Wednesday, August 9, 2017

Let's take a closer look at the Newsreel.

It shows two renderings of the Oswald shooting; the first being the NBC footage. In that one, you can see the weird "hand in the pants".

It's pretty ridiculous because forearms can't do that, bend like that. 

Now, here's the other one:

There is no hand in the pants. We can see where Leavelle's left shoulder is, and from seeing it, there is no way he could have his hand in Oswald's pants.

That's a successive frame. Again notice where Leavelle's left shoulder is. It is behind Oswald. He does NOT have his hand in Oswald's pants. Notice that in both frames, you can faintly see Grave's hand grasping Oswald's left arm. Next, the shooter comes in. 

Presumably, that is right before the blast because Oswald is not reacting. But, notice how obvious it is that Oswald and Graves are just ignoring Bookhout. How could they not see him? 

Next, we get to the last frame in the running film, which is very dark. 

This frame above is the one that precedes the Jackson lookalike frame. Note that it must be after the shot and not before it because Oswald is reacting; he is recoiling, and he definitely didn't do that before he was shot. Then, here is the Jackson lookalike frame:

It isn't exactly the same as Jackson, but it's close. The freaky hand slapped to the chest is there, and it's freaky alright, but in a different way than it is in Jackson.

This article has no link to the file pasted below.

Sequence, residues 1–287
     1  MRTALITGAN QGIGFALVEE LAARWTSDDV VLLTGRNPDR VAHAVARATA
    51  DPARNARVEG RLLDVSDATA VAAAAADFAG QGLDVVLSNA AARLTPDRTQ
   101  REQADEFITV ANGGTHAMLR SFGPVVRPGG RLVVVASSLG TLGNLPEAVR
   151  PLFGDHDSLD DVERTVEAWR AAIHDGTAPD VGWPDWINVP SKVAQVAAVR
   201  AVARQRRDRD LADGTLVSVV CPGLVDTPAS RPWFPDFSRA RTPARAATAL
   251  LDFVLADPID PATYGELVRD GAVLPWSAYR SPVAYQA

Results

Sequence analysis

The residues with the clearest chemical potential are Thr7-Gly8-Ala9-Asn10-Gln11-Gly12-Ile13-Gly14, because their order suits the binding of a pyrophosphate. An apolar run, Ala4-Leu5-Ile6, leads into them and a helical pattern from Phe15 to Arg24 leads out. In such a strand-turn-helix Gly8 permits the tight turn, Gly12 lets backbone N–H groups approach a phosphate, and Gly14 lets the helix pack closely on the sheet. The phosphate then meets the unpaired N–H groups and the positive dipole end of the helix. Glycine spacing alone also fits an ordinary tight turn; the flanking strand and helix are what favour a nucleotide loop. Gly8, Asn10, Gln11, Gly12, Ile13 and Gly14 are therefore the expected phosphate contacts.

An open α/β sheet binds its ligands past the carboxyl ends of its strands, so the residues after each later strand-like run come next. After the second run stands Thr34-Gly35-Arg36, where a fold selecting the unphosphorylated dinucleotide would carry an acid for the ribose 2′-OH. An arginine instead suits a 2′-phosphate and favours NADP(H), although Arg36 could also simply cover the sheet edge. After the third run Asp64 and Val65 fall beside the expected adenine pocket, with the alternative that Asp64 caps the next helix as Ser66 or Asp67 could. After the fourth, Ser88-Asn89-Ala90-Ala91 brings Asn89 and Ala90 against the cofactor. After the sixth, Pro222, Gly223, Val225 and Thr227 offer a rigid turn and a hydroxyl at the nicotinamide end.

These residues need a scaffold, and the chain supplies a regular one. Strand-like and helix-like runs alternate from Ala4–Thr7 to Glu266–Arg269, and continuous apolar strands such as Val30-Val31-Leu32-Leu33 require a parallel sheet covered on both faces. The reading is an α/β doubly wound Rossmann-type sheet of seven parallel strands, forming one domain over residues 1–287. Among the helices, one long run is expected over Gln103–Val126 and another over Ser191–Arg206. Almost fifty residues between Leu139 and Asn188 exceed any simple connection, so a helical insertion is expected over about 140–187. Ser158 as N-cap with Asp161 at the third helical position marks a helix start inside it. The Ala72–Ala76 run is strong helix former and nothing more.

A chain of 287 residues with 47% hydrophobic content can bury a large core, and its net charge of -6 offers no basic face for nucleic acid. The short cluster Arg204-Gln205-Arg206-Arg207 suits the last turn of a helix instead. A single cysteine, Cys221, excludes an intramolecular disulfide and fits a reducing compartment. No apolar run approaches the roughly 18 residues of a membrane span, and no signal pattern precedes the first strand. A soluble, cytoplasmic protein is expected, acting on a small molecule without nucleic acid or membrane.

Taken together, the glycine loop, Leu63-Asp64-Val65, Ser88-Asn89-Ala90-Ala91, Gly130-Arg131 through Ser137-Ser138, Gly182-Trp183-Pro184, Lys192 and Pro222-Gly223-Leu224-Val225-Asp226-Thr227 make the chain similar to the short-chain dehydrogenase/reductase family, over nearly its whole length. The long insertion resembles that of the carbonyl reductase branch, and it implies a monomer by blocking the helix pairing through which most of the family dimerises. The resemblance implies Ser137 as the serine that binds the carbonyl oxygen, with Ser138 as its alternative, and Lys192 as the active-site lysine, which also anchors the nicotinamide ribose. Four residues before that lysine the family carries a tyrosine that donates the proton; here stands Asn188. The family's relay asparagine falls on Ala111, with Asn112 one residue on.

This collage below shows the transition, or I should say the jump, from the running film to the Jackson lookalike still frame: 

How could all that change occur in 1/18 second? And what explains the difference in lighting? In the Newsreel, these two frames occur within a split-second of each other. They are both earmarked at 41 seconds in the film. But, look at all the change that occurred in that split-second. Oswald has slapped his left arm to his chest and thrust his right arm forward. And now, Leavelle's forearm is coming over to sink his hand in Oswald's pants. And notice that the perspective is different. We don't see Blackie Harrison at all in the top frame. Yet, how can the perspective be different when it's supposed to be all the same film shot by the same guy from the same spot? There is a lot of "jump" there. What would cause the lighting to suddenly brighten if it's all one film? The idea that those two frames are continuous and successive and even from the same film is preposterous. 

They are NOT continuous. The Jackson lookalike frame was just tacked onto the film at that point: as a still image. And then, it was done; over; finished; no more film. They could not go back to it. This is just more film fakery. 

I've been saying for a long time that the JFK assassination is the most photographically altered event of all time, and it is. And, nothing comes close to it. Nothing comes anywhere near it. It stands alone as the pinnacle of photographic manipulation, photographic lying, and photographic evil. 

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